East Head of House Dr. Elizabeth Meadows poses for a photo, as photographed on Feb. 5, 2024. (Hustler Multimedia/George Albu)
East Head of House Dr. Elizabeth Meadows poses for a photo, as photographed on Feb. 5, 2024. (Hustler Multimedia/George Albu)
George Albu

A spotlight on the Commons Faculty Heads of House

Dean Gresalfi and two Faculty Heads of House share what makes the Commons experience so special to them and their families.

As a current sophomore living in Branscomb Quadrangle, one of the things I miss most about living on the Ingram Commons is the inherent sense of community within each of the Commons houses. Branscomb occasionally holds activities for its residents in the lobby or in the quad, but nothing compares to the welcoming microcosm each of us had in our first-year houses, especially since Branscomb isn’t a residential college like Zeppos or Rothschild. I still greet some of the people who lived on my floor last year out of habit, even if we were never individually very close.

A large part of what makes the Commons community so special is the Faculty Heads of House. They are likely the first faculty members that each of us interacted with upon arriving on campus for the first time, and they continue to make themselves present around Commons for the entirety of our first year. They decorate the lobbies for the seasons and holidays and greet us at the weekly evening study breaks hosted by each house. Faculty Head of East House Dr. Elizabeth Meadows has even been known to host the East study breaks in her apartment and serve homemade treats. I spoke to some of the Commons Faculty Heads of House to hear what it’s like to be on their side of things.

The East HPAC poses for a group photo, as photographed on Feb. 5, 2024. (Hustler Multimedia/George Albu) (George Albu)

The Faculty Heads of House I spoke to agreed that living in-house makes Commons life vastly different from the living situations of other college professors. Many of the Heads of House have spouses, children and even pets living on campus with them, all of whom share in the Heads’ experiences of college life.

“Living on the Commons has provided my family and me with a vibrant community and many neighbors,” Murray Head of House Dr. Rena Robinson said. “Having other faculty with children has enabled us to easily integrate as residents on the Commons and to have a shared sense of belonging living on Vanderbilt’s campus. The students have also been very welcoming of my family, and my children appreciate the conversation and support they receive from Murray residents.”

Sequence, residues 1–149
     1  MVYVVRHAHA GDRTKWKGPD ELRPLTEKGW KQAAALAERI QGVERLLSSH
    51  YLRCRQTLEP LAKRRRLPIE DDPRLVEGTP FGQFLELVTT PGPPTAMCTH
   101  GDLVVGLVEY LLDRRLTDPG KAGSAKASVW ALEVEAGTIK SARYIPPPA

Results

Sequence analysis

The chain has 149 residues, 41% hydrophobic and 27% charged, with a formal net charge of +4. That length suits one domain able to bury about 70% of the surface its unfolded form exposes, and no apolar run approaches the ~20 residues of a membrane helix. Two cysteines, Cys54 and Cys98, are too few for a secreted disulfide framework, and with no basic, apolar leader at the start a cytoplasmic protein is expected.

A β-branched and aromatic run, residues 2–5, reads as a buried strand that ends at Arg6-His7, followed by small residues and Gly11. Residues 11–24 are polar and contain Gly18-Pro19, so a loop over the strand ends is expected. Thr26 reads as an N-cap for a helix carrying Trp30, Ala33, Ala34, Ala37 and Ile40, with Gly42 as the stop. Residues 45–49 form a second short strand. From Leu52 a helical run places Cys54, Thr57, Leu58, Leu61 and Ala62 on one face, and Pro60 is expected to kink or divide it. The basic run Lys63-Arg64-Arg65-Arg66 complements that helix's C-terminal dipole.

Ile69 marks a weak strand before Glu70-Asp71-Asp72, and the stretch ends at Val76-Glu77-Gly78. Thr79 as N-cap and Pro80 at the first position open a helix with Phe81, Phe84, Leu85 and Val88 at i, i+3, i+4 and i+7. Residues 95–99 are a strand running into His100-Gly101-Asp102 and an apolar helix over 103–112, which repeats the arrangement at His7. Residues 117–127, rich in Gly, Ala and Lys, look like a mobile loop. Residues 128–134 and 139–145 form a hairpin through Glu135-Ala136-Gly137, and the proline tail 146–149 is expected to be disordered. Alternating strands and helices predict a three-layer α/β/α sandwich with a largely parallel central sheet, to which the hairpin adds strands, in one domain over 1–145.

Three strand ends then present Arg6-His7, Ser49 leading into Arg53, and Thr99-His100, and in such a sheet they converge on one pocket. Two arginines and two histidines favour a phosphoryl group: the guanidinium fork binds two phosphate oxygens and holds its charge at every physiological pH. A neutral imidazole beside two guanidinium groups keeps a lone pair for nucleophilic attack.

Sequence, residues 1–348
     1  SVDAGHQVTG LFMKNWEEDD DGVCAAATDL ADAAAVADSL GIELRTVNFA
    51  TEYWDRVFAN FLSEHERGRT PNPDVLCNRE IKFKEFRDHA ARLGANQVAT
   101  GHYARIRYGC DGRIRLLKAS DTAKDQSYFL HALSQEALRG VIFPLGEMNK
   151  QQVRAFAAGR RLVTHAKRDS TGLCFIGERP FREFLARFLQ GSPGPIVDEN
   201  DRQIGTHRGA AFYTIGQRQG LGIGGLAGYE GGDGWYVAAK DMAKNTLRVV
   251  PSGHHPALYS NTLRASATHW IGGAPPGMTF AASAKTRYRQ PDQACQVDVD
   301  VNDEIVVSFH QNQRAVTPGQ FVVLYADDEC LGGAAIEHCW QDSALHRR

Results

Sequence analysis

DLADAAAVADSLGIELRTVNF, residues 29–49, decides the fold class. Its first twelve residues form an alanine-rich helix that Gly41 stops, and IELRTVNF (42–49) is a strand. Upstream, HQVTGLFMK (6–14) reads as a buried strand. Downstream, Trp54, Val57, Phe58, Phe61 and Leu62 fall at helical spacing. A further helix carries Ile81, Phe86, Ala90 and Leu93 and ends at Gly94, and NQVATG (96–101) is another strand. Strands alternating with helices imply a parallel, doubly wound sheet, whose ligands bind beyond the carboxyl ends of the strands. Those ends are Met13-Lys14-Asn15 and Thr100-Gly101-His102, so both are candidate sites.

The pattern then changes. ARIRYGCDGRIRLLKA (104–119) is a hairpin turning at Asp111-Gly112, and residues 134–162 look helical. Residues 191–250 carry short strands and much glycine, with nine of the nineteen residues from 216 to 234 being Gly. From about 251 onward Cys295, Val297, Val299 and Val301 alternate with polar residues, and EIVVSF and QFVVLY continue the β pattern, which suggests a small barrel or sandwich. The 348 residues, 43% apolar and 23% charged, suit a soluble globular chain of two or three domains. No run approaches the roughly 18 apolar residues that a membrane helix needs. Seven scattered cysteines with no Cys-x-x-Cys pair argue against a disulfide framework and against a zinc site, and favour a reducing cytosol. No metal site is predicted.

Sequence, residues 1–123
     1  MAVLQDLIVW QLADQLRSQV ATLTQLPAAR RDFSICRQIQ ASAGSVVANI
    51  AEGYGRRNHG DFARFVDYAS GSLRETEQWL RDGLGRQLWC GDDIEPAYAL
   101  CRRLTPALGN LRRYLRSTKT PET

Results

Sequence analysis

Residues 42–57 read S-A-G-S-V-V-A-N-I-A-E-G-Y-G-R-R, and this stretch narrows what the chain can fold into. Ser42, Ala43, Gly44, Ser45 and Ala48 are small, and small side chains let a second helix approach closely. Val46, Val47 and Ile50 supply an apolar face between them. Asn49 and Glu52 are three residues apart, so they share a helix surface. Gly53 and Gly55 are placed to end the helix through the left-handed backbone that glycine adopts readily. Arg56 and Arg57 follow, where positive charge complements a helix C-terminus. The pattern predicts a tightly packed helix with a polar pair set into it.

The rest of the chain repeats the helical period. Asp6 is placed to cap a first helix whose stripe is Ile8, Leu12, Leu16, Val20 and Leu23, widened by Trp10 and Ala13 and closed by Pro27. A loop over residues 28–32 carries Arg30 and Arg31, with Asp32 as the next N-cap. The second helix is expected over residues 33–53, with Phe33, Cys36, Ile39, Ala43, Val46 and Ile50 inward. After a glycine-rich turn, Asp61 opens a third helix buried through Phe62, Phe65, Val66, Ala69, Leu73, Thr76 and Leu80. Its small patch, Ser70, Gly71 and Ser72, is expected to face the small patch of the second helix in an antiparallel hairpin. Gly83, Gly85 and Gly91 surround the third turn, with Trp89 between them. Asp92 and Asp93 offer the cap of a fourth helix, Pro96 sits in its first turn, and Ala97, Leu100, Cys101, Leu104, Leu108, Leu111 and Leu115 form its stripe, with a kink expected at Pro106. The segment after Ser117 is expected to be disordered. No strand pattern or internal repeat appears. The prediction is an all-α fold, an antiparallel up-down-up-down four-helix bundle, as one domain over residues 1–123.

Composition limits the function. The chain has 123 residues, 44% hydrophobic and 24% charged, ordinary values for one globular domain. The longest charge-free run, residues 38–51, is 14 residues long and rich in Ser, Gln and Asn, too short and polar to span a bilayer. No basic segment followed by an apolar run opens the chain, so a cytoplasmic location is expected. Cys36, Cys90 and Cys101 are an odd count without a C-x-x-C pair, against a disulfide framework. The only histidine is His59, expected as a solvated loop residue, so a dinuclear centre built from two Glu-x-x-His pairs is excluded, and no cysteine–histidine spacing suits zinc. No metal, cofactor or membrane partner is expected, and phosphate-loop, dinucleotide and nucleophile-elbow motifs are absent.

West Faculty Head of House Dr. Emily Pendergrass shared a similar sentiment. Pendergrass discussed how living on campus gave her daughter an early taste of college life.

“The Commons provided incredible access for my daughter,” Pendergrass said. “She studied in the library, ate in the dining hall and went to concerts and lectures. She basically had a first-year student experience before she ever went to college.”

When Pendergrass’ dogs were living on campus with her, they also frequented the West study breaks. I lived in West House last year, and I was always pleasantly surprised to see them, since we often don’t get the chance to interact with pets at college the way we do at home.

“The dogs were popular with students,” Pendergrass said. “They provided comfort and a link to students’ personal pets. They seemed to bring joy to the house.”

Dr. Elizabeth Meadows’ dog Luna sits as East residents chat in the background, as photographed on Feb. 5, 2024. (Hustler Multimedia/George Albu)
(George Albu)